Stocks to Buy: Three Solid Tech Picks for Under $5 a Share
When considering stocks to buy, sometimes cheaper (and smaller) is better.
Most retail investors are better off taking a pass on those splashy household names and looking for stocks to buy that go for more modest prices – stocks that trade for less than five bucks a share.
Stocks trading for $5 or less often are considered riskier, but offer more upside than their bigger, pricier brethren.
That's because stocks of small companies are less liquid and more volatile relative to the rest of the market. Typically, their prices tend to be move in bigger chunks, making for bigger gains (or losses).
Simply put, these stocks can provide more bang for your buck.
Here's what you need to know…
Sony and Microsoft Fall Flat at E3, Opening the Door for Indie Game Competitors
Today marks the close of the Electronic Entertainment Expo, or E3, a mammoth annual conference in which the world's best and brightest tech companies show off the latest in video game technology.
Giant #3 Nintendo Co. Ltd. (NYSE ADR: NTDOY) opted to sit this one out, having just released its newest console, the Wii U, late last year.
I've been using my *ahem* embarrassingly extensive nerd powers to troll forums and get an idea of how Microsoft's Xbox One and Sony's PS4 stack up in the eyes of the gaming community.
The Ultimate Tech Stock "Treasure Map"
On Saturday, I introduced you to the "stealth small-cap" – aging-and-slow big-cap tech firms that were rediscovering the fast growth of their small-cap roots … thanks to the newly emergent Cloud Computing trend.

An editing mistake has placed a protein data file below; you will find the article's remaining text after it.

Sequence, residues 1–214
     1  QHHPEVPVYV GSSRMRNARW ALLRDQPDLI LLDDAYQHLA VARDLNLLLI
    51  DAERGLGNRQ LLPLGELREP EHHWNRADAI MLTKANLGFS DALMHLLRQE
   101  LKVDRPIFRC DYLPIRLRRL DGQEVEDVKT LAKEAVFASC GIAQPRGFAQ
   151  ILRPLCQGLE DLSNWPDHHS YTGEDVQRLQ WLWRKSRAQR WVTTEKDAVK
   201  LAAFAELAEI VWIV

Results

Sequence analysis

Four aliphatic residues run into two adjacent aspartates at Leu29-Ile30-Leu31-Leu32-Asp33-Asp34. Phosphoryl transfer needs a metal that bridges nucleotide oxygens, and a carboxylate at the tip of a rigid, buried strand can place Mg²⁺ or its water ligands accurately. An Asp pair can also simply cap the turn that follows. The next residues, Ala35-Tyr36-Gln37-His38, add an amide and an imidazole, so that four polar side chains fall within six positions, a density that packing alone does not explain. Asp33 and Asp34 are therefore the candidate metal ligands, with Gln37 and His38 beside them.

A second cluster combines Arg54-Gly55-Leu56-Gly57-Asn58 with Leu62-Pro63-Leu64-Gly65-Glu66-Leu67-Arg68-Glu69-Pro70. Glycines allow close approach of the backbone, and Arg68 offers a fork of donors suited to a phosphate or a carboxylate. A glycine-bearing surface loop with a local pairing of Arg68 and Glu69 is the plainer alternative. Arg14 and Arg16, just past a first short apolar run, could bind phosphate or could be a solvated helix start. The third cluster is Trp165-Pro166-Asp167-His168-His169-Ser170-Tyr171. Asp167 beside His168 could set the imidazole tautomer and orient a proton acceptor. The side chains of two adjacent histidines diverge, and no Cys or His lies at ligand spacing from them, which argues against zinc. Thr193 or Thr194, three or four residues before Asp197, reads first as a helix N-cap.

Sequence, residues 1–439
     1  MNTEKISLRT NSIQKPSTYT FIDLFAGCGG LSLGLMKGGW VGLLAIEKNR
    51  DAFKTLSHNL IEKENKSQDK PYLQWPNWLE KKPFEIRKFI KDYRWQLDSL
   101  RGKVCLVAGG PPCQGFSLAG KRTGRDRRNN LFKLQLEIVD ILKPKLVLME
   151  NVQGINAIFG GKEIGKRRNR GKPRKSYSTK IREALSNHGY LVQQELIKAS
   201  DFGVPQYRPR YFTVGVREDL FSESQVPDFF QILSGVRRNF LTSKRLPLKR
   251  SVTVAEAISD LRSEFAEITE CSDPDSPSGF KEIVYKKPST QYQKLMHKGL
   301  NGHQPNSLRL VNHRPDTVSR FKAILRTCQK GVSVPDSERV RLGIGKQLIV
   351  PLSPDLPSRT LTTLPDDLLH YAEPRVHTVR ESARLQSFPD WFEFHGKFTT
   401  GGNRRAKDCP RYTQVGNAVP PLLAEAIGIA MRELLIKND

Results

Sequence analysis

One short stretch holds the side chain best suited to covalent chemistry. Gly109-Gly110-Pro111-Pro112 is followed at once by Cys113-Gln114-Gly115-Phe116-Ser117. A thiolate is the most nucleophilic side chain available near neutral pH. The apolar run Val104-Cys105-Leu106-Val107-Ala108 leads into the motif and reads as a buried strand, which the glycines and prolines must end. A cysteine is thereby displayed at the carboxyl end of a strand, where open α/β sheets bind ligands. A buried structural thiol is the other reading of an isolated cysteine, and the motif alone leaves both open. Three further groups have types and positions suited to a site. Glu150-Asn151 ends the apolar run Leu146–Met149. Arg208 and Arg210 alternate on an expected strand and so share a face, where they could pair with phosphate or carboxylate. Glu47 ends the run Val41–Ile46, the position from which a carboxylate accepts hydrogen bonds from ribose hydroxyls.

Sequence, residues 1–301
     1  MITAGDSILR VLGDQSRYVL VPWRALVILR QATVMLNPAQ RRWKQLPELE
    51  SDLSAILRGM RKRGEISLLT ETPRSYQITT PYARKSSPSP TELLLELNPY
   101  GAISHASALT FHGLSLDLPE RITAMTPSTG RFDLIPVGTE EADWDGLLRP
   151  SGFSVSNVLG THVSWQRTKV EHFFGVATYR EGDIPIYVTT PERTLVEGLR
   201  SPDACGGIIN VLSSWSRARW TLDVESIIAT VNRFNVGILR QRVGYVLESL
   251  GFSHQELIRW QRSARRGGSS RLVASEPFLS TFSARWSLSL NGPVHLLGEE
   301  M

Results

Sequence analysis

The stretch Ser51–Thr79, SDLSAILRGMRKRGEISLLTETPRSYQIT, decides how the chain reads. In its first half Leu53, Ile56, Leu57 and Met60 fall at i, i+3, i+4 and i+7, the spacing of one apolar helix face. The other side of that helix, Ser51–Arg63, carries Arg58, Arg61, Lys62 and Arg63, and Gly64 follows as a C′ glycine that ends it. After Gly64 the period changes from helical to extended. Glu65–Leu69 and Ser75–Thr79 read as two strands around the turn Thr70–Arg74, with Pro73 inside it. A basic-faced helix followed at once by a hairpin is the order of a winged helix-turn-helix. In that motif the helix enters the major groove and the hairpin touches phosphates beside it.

Judging from the comments and correspondence I received, a lot of you were really intrigued by that concept – and by the huge opportunity for profits that the cloud was creating for investors.
In fact, Strategic Tech Investor subscriber Dionisios S. was so intrigued by that column that he asked me to identify some other "stealth-small-cap" profit plays.
What a great question.
Why Google Glass Is a Terrifying Dud
You never really know what you might get into sitting on the corner stool of a bar in Manhattan.
Last week, I came across a man with a strange little contraption spanning his face at a nearby table. It turns out he was wearing a Google Glass prototype. It was 1 of the 150 prototypes that have been released on the East Coast.
With all of the hype surrounding it, I just had to try it and he gladly gave me a ten-minute lesson. And after a just few minutes with this contraption, I could only reach one conclusion: Google Glass is total dud.
How to Really Make a Fortune on the "Mobile Wave"
If you've been riding along with me for any length of time, you know I get really revved up whenever I talk about the "Mobile Wave" in technology.
The truth is, I can't help it: I look at the forecasts, calculate all the money that can be made, and end up feeling as jazzed as can be about the windfall profits we can reap from this transformational trend.
And I'm not the only one who's feeling this technology-fueled ebullience: The folks over at Amazon.com are clearly experiencing the same adrenalin-driven affliction.
Amazon, you see, is coming out with its own smartphone.
And not just any smartphone. Amazon's entry into smartphone derby is going to be one cool mobile device – highlighted by a 3D screen that will display photos so realistically that you'll want to just reach out and touch them.